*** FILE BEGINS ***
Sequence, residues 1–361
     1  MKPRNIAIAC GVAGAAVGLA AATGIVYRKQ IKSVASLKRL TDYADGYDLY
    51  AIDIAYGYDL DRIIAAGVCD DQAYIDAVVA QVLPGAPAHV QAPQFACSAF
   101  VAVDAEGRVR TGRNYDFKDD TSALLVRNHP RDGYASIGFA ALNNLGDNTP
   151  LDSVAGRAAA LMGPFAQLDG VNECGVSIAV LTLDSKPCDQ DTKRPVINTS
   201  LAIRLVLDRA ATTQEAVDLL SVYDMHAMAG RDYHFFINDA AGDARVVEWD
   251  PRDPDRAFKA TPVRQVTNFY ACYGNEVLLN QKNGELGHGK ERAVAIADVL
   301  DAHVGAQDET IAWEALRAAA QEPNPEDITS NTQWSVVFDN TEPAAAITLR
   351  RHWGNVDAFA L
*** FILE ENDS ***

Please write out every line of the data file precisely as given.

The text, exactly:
Sequence, residues 1–361
     1  MKPRNIAIAC GVAGAAVGLA AATGIVYRKQ IKSVASLKRL TDYADGYDLY
    51  AIDIAYGYDL DRIIAAGVCD DQAYIDAVVA QVLPGAPAHV QAPQFACSAF
   101  VAVDAEGRVR TGRNYDFKDD TSALLVRNHP RDGYASIGFA ALNNLGDNTP
   151  LDSVAGRAAA LMGPFAQLDG VNECGVSIAV LTLDSKPCDQ DTKRPVINTS
   201  LAIRLVLDRA ATTQEAVDLL SVYDMHAMAG RDYHFFINDA AGDARVVEWD
   251  PRDPDRAFKA TPVRQVTNFY ACYGNEVLLN QKNGELGHGK ERAVAIADVL
   301  DAHVGAQDET IAWEALRAAA QEPNPEDITS NTQWSVVFDN TEPAAAITLR
   351  RHWGNVDAFA L